While reading collaboration & social networking, I realized that this domain features a brand new ‘wave’ of products. Products that will take collaboration, communication, mash-ups and mobility to the next level. And ultimately replace email! Shocking, ain’t it? I started believing it after checking out the Google Wave demo. Wave is set to launch in September while Shareflow, with lesser jazz, is already available.
Wave & Shareflow are build on similar concepts that derive benefits and overcome short-coming of email, blogs, forums (bulletin boards), document sharing and chat. A few highlights of this genre of products:
- Every conversation, discussion, document, plan & blog post will start as a wave or flow (wave hereon)
- Participants can be chosen at the begining or added at any time (Surprisingly with Wave, Picasa albums and Blogger posts can be participants that can stay updated)
- Newly added participants can review/playback the entire wave as it got ‘bigger’
- Pictures, videos, documents can all be added to a wave, thus shared.
- Participants can add replies inline to the wave; If the reply applies to a part of a message, the message can be split so as to specify what exactly it refers to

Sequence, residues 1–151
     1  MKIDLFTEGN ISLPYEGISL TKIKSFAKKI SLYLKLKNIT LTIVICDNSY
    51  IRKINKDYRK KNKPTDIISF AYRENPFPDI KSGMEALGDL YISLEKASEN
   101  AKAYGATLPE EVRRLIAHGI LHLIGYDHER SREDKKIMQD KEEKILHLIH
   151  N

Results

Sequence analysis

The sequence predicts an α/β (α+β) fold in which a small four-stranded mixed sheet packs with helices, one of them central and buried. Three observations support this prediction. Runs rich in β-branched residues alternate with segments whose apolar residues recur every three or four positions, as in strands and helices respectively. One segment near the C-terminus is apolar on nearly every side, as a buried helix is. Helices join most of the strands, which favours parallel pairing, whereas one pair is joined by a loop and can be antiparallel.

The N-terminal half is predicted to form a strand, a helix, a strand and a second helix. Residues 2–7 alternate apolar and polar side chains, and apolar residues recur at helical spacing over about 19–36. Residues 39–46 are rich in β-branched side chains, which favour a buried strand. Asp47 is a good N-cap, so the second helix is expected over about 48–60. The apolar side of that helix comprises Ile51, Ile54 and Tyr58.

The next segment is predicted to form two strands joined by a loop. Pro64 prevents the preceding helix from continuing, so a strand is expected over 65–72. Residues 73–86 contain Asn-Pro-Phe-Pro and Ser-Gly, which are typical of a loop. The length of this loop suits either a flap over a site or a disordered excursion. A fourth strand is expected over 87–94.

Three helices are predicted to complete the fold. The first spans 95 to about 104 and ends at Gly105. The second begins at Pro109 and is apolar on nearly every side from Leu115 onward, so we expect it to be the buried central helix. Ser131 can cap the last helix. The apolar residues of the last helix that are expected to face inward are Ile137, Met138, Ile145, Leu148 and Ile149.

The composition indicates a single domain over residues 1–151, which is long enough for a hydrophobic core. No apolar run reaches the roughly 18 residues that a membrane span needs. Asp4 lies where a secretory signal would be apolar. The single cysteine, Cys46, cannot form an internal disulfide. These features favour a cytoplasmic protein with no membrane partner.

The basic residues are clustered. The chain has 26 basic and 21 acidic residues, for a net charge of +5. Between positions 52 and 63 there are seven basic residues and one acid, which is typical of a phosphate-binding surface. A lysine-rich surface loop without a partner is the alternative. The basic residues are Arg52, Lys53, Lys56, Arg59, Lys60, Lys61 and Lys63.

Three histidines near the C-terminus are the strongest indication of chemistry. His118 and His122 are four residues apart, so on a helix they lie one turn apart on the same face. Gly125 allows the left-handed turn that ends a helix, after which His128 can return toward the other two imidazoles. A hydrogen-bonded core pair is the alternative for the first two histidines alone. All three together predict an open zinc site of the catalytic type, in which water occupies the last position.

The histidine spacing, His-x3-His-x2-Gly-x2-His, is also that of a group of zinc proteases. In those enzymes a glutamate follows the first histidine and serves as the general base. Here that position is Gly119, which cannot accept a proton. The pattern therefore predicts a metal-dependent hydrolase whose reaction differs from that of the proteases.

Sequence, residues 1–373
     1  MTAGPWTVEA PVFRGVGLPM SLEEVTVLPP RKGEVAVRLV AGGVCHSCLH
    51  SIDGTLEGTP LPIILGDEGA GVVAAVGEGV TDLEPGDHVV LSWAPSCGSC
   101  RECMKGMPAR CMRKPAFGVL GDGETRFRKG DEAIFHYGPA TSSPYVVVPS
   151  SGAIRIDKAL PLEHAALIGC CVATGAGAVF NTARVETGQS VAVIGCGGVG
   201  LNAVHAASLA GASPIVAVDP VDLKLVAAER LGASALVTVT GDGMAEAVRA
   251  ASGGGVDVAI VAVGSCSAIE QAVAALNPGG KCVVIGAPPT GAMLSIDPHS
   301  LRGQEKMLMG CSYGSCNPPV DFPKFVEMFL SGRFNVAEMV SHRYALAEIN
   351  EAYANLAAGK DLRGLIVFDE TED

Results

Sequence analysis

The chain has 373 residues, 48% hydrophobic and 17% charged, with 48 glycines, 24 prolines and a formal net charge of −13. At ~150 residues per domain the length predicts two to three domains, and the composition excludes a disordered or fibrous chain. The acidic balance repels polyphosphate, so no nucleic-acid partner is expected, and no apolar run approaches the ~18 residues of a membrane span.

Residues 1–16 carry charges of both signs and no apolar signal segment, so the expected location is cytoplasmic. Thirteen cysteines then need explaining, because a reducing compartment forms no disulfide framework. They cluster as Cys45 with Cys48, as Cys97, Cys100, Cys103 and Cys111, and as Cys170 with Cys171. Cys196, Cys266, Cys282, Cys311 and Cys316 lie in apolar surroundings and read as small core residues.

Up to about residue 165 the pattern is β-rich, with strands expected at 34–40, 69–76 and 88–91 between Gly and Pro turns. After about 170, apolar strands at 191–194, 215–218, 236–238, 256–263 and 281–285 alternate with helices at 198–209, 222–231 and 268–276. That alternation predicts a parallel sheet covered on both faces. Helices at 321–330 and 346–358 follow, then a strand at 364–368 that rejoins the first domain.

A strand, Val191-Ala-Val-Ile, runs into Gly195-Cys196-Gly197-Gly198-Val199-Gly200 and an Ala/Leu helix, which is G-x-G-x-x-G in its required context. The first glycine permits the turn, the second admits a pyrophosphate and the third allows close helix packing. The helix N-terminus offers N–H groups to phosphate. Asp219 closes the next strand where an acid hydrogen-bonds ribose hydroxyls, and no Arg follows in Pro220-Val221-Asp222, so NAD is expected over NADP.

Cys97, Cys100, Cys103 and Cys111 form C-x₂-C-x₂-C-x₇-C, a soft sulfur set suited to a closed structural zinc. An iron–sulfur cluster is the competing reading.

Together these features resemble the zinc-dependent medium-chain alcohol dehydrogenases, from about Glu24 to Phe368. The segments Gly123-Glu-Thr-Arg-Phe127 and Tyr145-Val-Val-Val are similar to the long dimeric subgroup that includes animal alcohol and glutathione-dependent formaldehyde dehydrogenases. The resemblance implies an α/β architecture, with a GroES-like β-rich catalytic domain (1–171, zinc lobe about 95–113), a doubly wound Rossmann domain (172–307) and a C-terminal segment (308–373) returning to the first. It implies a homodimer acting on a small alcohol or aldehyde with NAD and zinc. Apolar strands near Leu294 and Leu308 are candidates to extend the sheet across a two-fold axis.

- Data from waves can be exported as a document, blog post or even a photo album.
- Gadget development will flourish through offered APIs. Gadgets too can be embedded.
The two, however, differ on 3 aspects: cost, time-to-market & feature set. Wave is still in limited preview, while Shareflow launched in July 2009 – just after Wave was first previewed. Shareflow is ‘more commercial’ and offers a free-version with a lot of restrictions (25MB, only 5 flows); subscriptions merely changes allowed volume – the feature set for all users is the same. After the Wave demo, it felt really sloppy and seems to lack a lot. I will soon dedicate a whole post to [permalink href=”362″]Shareflow short-comings[/permalink].
Wave, on the other hand, was introduced by a Google co-director as being essentially open-source (~free) that will develop further on community effort. First previewed this May at the Google IO 2009, access to the sandbox is limited to a privileged few present at the event. Like any other Google product, it will be remain a perpetual beta, and user base will slowly expand (mostly through invitation like Gmail) to 100000 by Sep-end. The Wave homepage has a 80 min must watch video that I have added below. Although there is a lot of talking, all highlights mentioned above have been well demonstrated. If possible, to take time out to watch it! (I am yet to watch the last 25 mins)
[youtube v_UyVmITiYQ Google Wave Developer Preview at Google I/O 2009]
There is very little to read about on the internet and fewer screenshots are available. I have used a single large screenshot, pieced it to highlight key features of Google Wave, as explained in the video.